If you need a refresher, watch Part I and Part II.
In April of last year, Zack McCune was sued by the RIAA. He ended up $3,000 lighter (he settled), but with a much richer understanding of the contemporary debate surrounding music, copyright law, and file sharing. Part I gives an intro to his story, while Part II explores the disconnect between young downloaders and the recording industry. Part III, presented here, concludes Zack’s misadventure and examines where it led him: to the Free Culture Movement, which advocates more flexible intellectual property law.
This video was produced by Nikki Leon and John Randall. You can watch a high-resolution version here.
If you’d like to learn more about illegal downloading or the Free Culture Movement, check out the following:
- The RIAA’s perspective on the issue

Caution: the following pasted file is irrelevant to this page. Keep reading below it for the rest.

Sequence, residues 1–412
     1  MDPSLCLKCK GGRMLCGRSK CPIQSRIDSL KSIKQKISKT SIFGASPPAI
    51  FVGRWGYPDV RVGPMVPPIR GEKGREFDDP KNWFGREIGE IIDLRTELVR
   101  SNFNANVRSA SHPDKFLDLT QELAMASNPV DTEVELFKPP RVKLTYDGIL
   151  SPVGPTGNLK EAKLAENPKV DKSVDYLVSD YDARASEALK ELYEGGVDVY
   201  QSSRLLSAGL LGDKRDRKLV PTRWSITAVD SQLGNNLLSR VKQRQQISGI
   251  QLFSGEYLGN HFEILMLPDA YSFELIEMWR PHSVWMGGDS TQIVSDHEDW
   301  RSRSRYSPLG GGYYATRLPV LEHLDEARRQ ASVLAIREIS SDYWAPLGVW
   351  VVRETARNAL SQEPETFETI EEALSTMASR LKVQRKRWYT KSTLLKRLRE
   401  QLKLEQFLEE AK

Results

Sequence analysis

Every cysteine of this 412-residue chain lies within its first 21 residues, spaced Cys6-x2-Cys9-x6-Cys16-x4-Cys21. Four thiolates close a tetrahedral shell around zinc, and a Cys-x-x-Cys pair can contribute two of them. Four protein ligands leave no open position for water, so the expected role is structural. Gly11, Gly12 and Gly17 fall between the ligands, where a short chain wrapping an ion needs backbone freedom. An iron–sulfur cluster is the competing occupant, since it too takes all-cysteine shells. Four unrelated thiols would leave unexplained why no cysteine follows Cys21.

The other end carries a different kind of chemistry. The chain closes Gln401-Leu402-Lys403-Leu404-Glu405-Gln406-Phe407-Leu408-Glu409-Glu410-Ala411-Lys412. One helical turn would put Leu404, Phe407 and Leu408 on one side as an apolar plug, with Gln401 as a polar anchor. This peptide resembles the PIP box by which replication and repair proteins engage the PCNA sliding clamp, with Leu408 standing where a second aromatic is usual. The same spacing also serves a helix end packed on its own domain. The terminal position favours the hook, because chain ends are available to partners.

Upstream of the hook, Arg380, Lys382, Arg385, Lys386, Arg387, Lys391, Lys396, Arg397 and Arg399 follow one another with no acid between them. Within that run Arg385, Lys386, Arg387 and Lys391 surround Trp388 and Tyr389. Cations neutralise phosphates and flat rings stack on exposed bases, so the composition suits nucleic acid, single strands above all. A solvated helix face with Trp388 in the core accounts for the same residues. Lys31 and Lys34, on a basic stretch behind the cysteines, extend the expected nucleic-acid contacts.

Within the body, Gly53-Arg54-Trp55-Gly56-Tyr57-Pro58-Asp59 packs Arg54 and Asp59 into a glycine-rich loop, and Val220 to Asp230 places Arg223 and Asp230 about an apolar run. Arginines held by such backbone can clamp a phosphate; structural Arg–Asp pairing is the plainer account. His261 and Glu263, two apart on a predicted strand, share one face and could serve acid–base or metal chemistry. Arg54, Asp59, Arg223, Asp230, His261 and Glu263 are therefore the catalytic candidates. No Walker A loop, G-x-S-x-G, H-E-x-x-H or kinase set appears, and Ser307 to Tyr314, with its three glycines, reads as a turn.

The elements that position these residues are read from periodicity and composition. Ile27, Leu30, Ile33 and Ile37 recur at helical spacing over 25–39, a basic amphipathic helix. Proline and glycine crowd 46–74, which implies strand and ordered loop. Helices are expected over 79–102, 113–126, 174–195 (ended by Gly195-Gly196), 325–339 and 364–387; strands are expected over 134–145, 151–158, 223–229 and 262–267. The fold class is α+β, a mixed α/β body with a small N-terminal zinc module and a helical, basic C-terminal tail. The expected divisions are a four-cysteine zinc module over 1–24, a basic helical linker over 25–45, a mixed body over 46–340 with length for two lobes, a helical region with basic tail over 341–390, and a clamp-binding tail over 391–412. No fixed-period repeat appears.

- Free Culture, by Stanford Law Professor Lawrence Lessig.
- The Electronic Frontier Foundation, a civil liberties group that works to protect individuals’ rights online.
- Students for Free Culture
- Creative Commons, a leading organization in the Free Culture movement. Founded by Lawrence Lessig, Creative Commons allows artists to modify the default “All Rights Reserved” copyright on their works to make them publicly available for distribution and remixing.
Come back every Wednesday for more multimedia on online privacy, cyber bullying, digital activism and more!